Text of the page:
Seriously. This is one of my favorite recipes. When I told Greg I was making it this week, he got all excited. And then I got all excited. And then I waited like a kid on Christmas until I got to make it yesterday. And it was worth all the build up. It always is.

Chipotle Mac & Cheese
(from Cooking Light)
1 (7-ounce) can chipotle chiles in adobo sauce
1 tablespoon butter
1/2 cup finely chopped onion
1/2 cup finely chopped green bell pepper
1 garlic clove, minced
2 tablespoons all-purpose flour
1 (14 1/2-ounce) can diced tomatoes and green chiles, undrained
4 cups hot cooked elbow macaroni (about 2 cups uncooked)
2 cups (8 ounces) shredded reduced-fat sharp cheddar cheese
1 cup 1% low-fat cottage cheese
1 cup 2% reduced-fat milk
1/4 cup (1 ounce) grated fresh Parmesan cheese
1 large egg, lightly beaten
Cooking spray
3 tablespoons dry breadcrumbs

1. Preheat oven to 350°.

2. Remove 1 teaspoon adobo sauce from can; set aside. Remove 2 chipotle chiles from can; finely chop to measure 1 tablespoon. Reserve remaining chiles and adobo sauce for another use.

3. Melt butter in a Dutch oven (**or large, deep-sided skillet, like I do) over medium-high heat. Add chopped chiles, onion, bell pepper, and garlic; cook 4 minutes or until onion is tender, stirring frequently. Sprinkle with flour; cook 30 seconds, stirring constantly. Reduce heat to medium; add tomatoes. Cook 3 minutes or until thickened.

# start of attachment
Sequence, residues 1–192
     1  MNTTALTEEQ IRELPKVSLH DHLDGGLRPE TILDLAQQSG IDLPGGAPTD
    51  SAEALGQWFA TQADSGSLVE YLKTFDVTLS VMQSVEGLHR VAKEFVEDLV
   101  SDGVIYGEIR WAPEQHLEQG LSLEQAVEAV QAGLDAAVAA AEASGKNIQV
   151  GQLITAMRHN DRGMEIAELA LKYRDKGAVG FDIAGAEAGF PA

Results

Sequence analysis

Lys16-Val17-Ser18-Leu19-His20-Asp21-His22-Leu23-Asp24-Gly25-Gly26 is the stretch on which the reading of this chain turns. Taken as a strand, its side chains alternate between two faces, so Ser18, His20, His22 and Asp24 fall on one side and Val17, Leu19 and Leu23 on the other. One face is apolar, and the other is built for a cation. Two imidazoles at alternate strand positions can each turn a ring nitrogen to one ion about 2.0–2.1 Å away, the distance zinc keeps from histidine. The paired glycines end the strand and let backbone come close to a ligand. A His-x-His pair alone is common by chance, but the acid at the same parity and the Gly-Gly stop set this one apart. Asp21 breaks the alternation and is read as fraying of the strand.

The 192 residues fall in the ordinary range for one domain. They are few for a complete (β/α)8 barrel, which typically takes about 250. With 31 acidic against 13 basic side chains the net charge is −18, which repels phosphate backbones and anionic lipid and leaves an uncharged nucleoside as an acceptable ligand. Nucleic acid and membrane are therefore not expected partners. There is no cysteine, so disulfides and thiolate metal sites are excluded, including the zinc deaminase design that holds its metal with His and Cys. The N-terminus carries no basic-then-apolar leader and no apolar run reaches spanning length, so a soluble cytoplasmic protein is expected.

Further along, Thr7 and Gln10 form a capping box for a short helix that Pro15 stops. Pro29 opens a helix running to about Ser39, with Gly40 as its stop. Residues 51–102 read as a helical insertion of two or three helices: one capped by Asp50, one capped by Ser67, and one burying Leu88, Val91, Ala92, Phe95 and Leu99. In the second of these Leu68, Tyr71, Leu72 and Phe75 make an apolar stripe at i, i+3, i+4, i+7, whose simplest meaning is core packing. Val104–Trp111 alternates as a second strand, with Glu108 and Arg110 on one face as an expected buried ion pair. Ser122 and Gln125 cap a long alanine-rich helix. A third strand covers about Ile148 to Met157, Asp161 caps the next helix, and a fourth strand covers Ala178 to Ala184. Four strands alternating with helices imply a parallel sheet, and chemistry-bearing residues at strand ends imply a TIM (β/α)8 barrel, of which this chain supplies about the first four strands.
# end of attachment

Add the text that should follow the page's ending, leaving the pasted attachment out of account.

4. Add reserved 1 teaspoon adobo sauce, pasta, cheddar cheese, cottage cheese, milk, Parmesan, and egg; stir to combine. (**NOTE: Yes, this stage does look like a dutch oven full of vomit. But it's really good, I promise.)

5. Spoon pasta mixture into a 2-quart baking dish coated with cooking spray; top with breadcrumbs. Bake at 350° for 30 minutes or until bubbly.

-Servings: 6
-Calories: 324, Carbs: 39.6g, Protein: 34.2g, Fat: 8.5g

-Exchanges: 2.5 starch, 3.5 protein, 1.5 fat (this recipe does not work out evenly calorie-wise for exchanges...but these are my best estimates).

Sweden: St. Lucia Buns (Lussekatt)

I like to buck tradition. And in the spirit of bucking tradition, I made a Swedish Christmastime dessert in early March. I also like to make pancakes for dinner sometimes. What of it?

Tradition dictates that on December 13th (Saint Lucy's Day), the family's oldest daughter wearing a white robe with red sashes, and a wreath with candles on her head, wakes the eldest members of the family with these lussekatt in bed. Additionally, the daughter sings a song. Legend tells us that Lucia put the candles in the wreath on her head in order to free up her arms to carry the bread she was smuggling to Christians in hiding. Lucia must've been really graceful, because I know if I were her, my hair would've caught on fire. So, let's all be thankful that I'm not Swedish (as I am my family's eldest daughter).